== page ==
Developer wants to delete a whole row of Toronto restaurants for a huge tower
An entire row of Toronto eating establishments could soon bite the dust to make way for condos and office space.
A new development application for 185-191 Dundas Street West means the end of the line is on the horizon for a group of predominantly Asian restaurants that form a bustling restaurant row within the Dundas and University/Little Tokyo area.
Businesses on the chopping block include Indian Biriyani House, Yang Teashop, Lan Zhou Ramen, Sushi & Bento, Impression 1915, an Uncle Testu location, and perhaps the most notorious of the bunch, Hong Shing Chinese Restaurant, an establishment known just as much for controversy as it is for its late-night eats.
Hong Shing has made headlines in the past for a conviction in a racial discrimination case where four Black patrons were forced to pay for meals in advance (the restaurant later made amends with the patrons), along with unproven allegations of unhygienic happenings that owners argue were misleading and taken wildly out of context.
The restaurant most recently made news in late 2021 when Hong Shing suffered a devastating fire, causing considerable damage to the restaurant's kitchen.
Toronto-based developer ICC Group intends to tear down the block of restaurants to make way for a 41-storey mixed-use tower containing new retail at street level, 19 floors of office and supporting amenity space, and 21 levels of condominium units.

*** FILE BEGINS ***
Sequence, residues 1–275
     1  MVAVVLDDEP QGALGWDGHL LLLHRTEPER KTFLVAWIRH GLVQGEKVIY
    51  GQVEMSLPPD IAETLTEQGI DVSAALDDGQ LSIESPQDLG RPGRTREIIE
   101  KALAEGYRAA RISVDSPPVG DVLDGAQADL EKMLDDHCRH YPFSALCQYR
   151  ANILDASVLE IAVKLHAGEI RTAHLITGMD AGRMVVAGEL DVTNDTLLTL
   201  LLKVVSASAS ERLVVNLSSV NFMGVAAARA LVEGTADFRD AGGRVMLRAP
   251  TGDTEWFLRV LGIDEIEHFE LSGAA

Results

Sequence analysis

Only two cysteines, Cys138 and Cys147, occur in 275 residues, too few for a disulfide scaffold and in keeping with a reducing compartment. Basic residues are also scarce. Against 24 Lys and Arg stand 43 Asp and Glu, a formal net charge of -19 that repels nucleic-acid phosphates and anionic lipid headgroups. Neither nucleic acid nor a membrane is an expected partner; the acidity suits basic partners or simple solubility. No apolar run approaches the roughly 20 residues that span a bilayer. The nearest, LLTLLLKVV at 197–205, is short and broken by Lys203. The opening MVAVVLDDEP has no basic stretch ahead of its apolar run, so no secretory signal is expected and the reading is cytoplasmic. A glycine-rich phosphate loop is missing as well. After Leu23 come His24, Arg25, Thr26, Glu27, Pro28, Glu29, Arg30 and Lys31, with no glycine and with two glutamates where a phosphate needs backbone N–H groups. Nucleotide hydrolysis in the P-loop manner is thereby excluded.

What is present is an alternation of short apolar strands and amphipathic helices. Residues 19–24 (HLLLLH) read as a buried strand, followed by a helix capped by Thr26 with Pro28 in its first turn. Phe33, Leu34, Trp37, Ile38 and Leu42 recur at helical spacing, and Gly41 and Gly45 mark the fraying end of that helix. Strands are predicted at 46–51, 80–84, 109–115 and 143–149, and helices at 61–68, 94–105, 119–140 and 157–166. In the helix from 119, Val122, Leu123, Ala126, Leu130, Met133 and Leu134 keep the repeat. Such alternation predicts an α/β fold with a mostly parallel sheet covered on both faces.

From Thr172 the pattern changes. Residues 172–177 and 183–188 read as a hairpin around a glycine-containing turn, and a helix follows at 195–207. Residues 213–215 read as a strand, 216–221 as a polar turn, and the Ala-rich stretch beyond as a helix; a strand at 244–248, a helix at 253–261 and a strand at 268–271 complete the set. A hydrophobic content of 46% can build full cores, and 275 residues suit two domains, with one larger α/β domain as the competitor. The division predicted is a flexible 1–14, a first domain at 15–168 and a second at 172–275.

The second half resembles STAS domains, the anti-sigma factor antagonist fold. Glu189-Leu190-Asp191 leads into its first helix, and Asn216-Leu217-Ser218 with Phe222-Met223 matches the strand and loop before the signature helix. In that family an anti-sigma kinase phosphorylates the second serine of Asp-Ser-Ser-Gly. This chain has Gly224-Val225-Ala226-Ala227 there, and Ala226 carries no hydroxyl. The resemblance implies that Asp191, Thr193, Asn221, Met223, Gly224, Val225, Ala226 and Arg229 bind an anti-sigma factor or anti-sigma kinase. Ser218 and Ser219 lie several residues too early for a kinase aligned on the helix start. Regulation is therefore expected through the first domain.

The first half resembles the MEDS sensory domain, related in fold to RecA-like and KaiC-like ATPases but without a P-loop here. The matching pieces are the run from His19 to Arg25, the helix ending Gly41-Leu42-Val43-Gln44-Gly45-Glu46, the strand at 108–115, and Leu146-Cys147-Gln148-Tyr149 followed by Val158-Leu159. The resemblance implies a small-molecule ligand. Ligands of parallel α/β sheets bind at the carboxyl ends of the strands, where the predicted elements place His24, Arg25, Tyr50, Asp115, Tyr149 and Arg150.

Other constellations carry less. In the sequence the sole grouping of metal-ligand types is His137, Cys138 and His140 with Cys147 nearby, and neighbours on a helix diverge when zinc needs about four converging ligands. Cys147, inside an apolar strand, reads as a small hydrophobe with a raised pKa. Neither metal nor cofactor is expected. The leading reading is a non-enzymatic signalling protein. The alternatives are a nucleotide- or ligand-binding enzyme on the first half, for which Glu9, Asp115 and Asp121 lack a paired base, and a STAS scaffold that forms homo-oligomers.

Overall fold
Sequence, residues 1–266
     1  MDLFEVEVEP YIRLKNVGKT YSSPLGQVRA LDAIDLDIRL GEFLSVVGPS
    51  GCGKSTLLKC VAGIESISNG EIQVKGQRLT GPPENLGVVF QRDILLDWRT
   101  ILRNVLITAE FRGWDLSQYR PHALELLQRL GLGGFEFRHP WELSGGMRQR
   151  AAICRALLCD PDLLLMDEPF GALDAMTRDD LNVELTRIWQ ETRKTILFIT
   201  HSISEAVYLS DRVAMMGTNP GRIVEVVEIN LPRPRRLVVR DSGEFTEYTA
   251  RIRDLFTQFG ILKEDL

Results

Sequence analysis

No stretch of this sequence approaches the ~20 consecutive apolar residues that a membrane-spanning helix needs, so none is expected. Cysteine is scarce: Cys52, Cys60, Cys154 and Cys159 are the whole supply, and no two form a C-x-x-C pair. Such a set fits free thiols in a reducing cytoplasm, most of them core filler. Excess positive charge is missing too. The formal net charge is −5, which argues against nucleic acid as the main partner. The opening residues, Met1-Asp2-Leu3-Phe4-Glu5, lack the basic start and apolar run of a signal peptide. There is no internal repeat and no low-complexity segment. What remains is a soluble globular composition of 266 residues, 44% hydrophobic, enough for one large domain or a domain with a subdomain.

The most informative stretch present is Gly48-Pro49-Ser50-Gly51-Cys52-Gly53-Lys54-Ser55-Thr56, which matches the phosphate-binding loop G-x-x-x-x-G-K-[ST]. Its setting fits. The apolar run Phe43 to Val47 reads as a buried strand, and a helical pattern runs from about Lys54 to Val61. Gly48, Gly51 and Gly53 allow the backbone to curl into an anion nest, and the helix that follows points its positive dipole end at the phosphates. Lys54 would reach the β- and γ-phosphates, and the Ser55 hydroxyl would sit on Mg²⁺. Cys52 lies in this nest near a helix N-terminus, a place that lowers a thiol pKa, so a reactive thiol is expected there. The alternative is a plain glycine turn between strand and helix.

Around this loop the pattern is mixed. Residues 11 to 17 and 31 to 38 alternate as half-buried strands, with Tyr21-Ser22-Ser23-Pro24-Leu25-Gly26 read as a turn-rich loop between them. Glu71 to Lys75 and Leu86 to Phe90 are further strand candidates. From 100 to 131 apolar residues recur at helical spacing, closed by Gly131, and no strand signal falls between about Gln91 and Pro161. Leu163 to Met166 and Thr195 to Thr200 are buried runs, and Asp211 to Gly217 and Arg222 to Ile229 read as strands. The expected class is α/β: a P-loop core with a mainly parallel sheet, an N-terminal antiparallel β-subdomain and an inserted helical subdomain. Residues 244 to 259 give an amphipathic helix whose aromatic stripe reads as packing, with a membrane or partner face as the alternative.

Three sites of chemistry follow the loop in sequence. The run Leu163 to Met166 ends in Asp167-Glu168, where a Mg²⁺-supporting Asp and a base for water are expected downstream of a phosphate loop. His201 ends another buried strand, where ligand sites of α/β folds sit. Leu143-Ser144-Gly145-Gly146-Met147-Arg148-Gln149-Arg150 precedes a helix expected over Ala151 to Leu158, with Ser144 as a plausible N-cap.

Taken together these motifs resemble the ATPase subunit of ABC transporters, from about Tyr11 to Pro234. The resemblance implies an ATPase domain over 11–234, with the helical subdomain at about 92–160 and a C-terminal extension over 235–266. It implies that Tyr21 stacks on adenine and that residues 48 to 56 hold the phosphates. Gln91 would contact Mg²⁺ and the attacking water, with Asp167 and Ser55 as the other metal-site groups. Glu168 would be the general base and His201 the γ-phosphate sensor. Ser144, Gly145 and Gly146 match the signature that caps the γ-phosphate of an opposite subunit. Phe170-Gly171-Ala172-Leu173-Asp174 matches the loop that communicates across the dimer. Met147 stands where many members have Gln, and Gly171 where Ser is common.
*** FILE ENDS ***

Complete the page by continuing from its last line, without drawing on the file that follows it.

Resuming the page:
The renderings appear preliminary, offering a simple massing diagram for the project's design by Scott Shields Architects.
A tiered design with rounded corners includes a six-storey base and a 12-storey mid-section containing office space, with an office amenity level dividing the lower two volumes from the residential point tower above.
In a rare example of a true mixed-use tower in this town, the building only dedicates a little over 40 per cent of its almost 24,000 square-metre floor area to residential space, with the majority at just over 59 per cent allocated to office uses.
The residential component includes 135 condominium units, proposed in a breakdown of 34 studios, 34 one-bedrooms, 24 two-bedrooms, and 25 three-bedroom suites.
Locals concerned about gridlock in the area can rest easy, as this tower only aims to bring 55 parking spaces within the second level of an underground parking garage.
Most local trips would be served by 200 bicycle parking spaces. Combined with the nearby St. Patrick TTC station, these transportation options would allow most residents and workers to live or work car-free.
Despite the active development application now under review by city staff, patrons of these establishments probably won't have to worry about them closing to make way for demolition any time in the very near future, as these plans typically take several years to work their way through the city's planning and approval process.
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